top of page

What You Need to Know About the Espresso Channel

If you have trouble shooting espresso, the most common cause of most problems is “espresso channeling”.

With a little practice and changing a few of your brewing parameters, you can get all these problems out of your head.

Want to shoot the best espresso you can? Keep reading and make sure you don't make any of these mistakes.

#Channel Creation in Espresso – What is it?

So what is a channel?

Simply put, when taking a shot of espresso, channeling is when water finds the path of least resistance and does not flow evenly through the entire coffee bed.

During the brewing cycle one channel in the coffee will have a faster flow rate than the rest of the disc.

This indicates that the coffee grounds in these channels will be extracted more than the rest of the disc, resulting in uneven flavors in your final shot.

Why Is Sewer Bad?

We're sure you already understand why the espresso channel is bad. It spoils the flavor and clarity of your espresso.

Ideally, the entire coffee package will have the same amount of water throughout the entire brewing cycle.

This means that each coffee particle has the same amount of extraction.

However, because espresso channeling causes some areas of the coffee disc to flow more and others less, it will impair your extraction by over- and under-drawing different areas of the disc.

The resulting espresso shot will have muddy, ambiguous flavors.

Signs of the Coffee Channel

The signs of an espresso duct can be difficult to detect.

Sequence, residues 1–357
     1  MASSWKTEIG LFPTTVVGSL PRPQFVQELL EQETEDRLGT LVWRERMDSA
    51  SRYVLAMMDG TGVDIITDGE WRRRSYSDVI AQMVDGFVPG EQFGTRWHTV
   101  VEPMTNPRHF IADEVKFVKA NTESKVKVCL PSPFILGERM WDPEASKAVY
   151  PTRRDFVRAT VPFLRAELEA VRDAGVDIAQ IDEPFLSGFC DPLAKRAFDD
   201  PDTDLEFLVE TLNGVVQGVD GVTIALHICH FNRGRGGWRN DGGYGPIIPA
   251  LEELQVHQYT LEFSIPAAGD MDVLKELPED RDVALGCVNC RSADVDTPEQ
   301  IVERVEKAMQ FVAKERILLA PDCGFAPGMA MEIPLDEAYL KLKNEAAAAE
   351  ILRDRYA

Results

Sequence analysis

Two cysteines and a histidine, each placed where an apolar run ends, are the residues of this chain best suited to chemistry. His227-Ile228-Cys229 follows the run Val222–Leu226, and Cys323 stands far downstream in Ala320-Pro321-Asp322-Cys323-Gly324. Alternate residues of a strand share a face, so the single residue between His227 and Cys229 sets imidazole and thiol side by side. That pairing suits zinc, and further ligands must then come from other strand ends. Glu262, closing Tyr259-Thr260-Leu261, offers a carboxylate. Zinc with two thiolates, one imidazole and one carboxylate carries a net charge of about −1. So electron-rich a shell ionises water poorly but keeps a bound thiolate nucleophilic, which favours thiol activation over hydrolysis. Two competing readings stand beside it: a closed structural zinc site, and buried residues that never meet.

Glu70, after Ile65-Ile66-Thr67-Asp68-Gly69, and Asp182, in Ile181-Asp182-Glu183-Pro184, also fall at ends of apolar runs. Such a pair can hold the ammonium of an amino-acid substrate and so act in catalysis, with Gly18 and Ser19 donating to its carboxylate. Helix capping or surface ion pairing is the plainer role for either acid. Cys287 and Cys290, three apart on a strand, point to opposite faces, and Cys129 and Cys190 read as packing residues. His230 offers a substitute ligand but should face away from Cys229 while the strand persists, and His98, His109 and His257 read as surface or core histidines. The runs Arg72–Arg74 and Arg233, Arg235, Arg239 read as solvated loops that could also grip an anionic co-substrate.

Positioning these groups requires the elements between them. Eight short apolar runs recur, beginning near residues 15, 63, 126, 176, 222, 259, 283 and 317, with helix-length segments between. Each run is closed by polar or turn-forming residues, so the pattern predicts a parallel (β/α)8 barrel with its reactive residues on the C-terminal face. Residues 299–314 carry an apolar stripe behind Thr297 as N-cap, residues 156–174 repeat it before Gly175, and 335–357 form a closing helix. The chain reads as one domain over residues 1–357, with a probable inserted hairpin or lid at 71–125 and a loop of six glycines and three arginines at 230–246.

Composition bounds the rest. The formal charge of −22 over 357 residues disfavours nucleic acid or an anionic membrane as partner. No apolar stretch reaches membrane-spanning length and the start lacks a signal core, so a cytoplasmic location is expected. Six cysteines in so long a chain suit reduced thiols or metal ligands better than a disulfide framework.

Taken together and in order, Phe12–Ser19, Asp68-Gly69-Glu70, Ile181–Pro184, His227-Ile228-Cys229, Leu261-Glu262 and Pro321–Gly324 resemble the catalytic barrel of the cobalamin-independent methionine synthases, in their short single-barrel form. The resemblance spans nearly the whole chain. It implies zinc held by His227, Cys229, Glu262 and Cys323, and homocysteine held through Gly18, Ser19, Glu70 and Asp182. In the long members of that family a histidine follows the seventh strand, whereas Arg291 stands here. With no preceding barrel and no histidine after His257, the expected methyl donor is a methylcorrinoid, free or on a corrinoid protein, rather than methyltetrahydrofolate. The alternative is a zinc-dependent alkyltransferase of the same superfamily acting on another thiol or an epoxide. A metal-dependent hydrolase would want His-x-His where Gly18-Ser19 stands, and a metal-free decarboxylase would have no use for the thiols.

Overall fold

After all, your portafilter is locked in your machine's group header, so it's impossible to see what's going on during extraction.

If you think you might be having problems with your coffee ducts, the best thing to invest in is a bottomless portafilter.

The standard portafilter that comes with your espresso machine probably has a closed bottom, one of the two spouts.

But with a bottomless portafilter you get a flat bottom with lots of holes.

The added benefit of this is that you can see exactly how your espresso is filtering through the coffee disc. And you can quickly see potential issues as they happen.

If you're having channel issues, you'll be able to easily see when and how with a bottomless #portafilter.

If you do not have such a portafilter, you will need to do a research by examining the disc after removing the portafilter from the machine.

Still, this isn't as accurate as watching the #espresso extraction up close in real time.

As soon as the brew cycle stops, many changes occur in the machine, which can change the appearance of the disc before you have a chance to examine it. Still, you can use the expired coffee disc as a guideline to try to pinpoint problems.


bottom of page